PATH - A Public Private Partnership for Advancing Housing Technology
Eliminate Mold in Your Home
There are more than 100,000 species of mold. At least 1,000 species of mold are common in the U.S. Molds can be found almost anywhere and they can have harmful health implications and destroy the structure of a home.
Mold can grow on virtually any substance when moisture is present, including wood, paper, carpet, and foods. Moisture can come from many sources, such as showers or even cooking can add moisture to the air in your home. When excessive moisture or water accumulates indoors, mold growth will often occur, particularly if the moisture problem remains undiscovered or unmitigated.
Outdoors, many molds live in the soil and play a key role in the breakdown of leaves, wood, and other plant debris. There is no practical way to eliminate all molds and mold spores in the indoor environment.
Mold Cleaning Tips:
If you already have mold and you're looking for some cleaning tips, try the latest recommendation: good old soap and water.
Apply a mixture of hot water and a strong detergent to the moldy area, then rinse thoroughly and let dry completely.
Some sources recommend using a solution of one part bleach to ten parts water, but you must be aware that bleach is a toxic substance. Make sure you are in a well-ventilated area; take frequent breaks to get fresh air; and wear protective gloves, goggles and a respirator. Leave the bleach solution on for ten minutes, then rinse the area, let it dry completely-and whatever you do, don't use full-strength bleach!
You could also try dishwasher detergent, which can work because the crystals are abrasive enough to rub mold off surfaces.
Tips to Eliminate Mold in Your Home:
- Wash mold off of hard surfaces and dry completely. Absorbent materials, such as ceiling, tiles and carpet, may have to be replaced if they are contaminated with mold.
- Use dehumidifiers and air conditioners, especially in hot, humid climates, to reduce moisture in the air; however be sure that the appliances themselves don't become sources of biological pollutants.
- Use exhaust fans or open windows in kitchens and bathrooms when showering, cooking, or using the dishwasher. Make sure they are vented to the outside (not to the attic).
- Maintain low indoor humidity, ideally between 30-50% relative humidity. Humidity levels can be measured by hygrometers, which are available at local hardware stores.
- Fix leaks and seepage. If water is entering the house from the outside, your options range from simple landscaping to extensive excavation and waterproofing, thereby ensuring that the ground slope's away from the house. Water in the basement can result from the lack of gutters or a water flow toward the house.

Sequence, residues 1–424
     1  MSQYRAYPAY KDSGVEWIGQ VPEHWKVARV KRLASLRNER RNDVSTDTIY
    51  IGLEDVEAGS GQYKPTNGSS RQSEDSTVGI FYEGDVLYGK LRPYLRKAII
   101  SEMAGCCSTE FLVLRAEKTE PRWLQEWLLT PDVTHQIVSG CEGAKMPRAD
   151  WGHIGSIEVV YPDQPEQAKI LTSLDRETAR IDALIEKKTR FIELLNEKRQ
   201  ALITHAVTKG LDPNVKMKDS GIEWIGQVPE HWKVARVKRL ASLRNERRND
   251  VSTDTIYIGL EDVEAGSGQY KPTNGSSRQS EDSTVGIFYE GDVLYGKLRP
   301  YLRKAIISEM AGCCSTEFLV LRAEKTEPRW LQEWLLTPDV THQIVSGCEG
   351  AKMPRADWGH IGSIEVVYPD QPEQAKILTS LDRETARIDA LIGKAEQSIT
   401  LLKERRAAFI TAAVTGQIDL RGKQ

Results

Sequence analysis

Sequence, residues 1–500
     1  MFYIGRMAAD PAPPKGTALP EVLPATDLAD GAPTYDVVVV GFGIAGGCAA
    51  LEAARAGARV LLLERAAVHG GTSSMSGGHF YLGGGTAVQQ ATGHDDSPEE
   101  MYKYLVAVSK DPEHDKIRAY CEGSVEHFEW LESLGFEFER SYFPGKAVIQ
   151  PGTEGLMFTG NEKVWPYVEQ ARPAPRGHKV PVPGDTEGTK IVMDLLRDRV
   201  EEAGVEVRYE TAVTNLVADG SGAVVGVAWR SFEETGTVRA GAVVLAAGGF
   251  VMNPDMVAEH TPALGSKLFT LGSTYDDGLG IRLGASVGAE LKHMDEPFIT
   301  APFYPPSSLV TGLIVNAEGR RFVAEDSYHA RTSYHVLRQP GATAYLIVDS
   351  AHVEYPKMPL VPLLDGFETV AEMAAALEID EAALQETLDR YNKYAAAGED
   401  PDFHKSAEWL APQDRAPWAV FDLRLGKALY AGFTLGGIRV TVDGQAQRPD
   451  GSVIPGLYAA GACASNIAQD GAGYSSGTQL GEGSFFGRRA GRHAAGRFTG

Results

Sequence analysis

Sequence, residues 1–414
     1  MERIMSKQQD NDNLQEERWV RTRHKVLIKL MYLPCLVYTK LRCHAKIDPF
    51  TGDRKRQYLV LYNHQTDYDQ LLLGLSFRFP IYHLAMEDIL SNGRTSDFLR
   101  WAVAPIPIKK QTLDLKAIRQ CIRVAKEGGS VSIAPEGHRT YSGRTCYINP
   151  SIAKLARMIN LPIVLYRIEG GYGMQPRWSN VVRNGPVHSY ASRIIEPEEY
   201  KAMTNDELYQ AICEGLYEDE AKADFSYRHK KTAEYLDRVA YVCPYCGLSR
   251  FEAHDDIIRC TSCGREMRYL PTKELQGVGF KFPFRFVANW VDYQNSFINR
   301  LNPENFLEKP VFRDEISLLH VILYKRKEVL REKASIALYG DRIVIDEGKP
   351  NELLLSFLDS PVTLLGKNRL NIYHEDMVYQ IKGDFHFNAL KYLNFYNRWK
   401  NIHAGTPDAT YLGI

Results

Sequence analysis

- Put a plastic cover over dirt in crawlspaces to prevent moisture from coming in from the ground.
- Turn off certain appliances (such as humidifiers or kerosene heaters) if you notice moisture on windows and other surfaces.
- Raise the temperature of cold surfaces where moisture condenses by installing storm windows (a storm window installed on the inside works better than one installed on the outside).
- Open doors between rooms (especially doors to closets which may be colder than the rooms) to increase circulation. Increase air circulation by using fans and by moving furniture from wall corners to promote air and heat circulation.
- Carpet can absorb moisture and serve as a place for biological pollutants to grow. Use area rugs, which can be taken up and washed often. In certain climates, if carpet is to be installed over a concrete floor, it may be necessary to use a vapor barrier (plastic sheeting) over the concrete and cover that with sub-flooring (insulation covered with plywood) to prevent a moisture problem.
- Many of the sections of your heating and cooling systems may not be accessible for visible inspection, so ask your service provider to you show you any mold they noticed.
- When you have insulated air ducts and the insulation gets wet or moldy, it cannot be effectively cleaned and should be removed and replaced.
Content updated on 2/27/2007
| | | | |
Affordable Housing Providers
Search PATHnet |
Contact Us |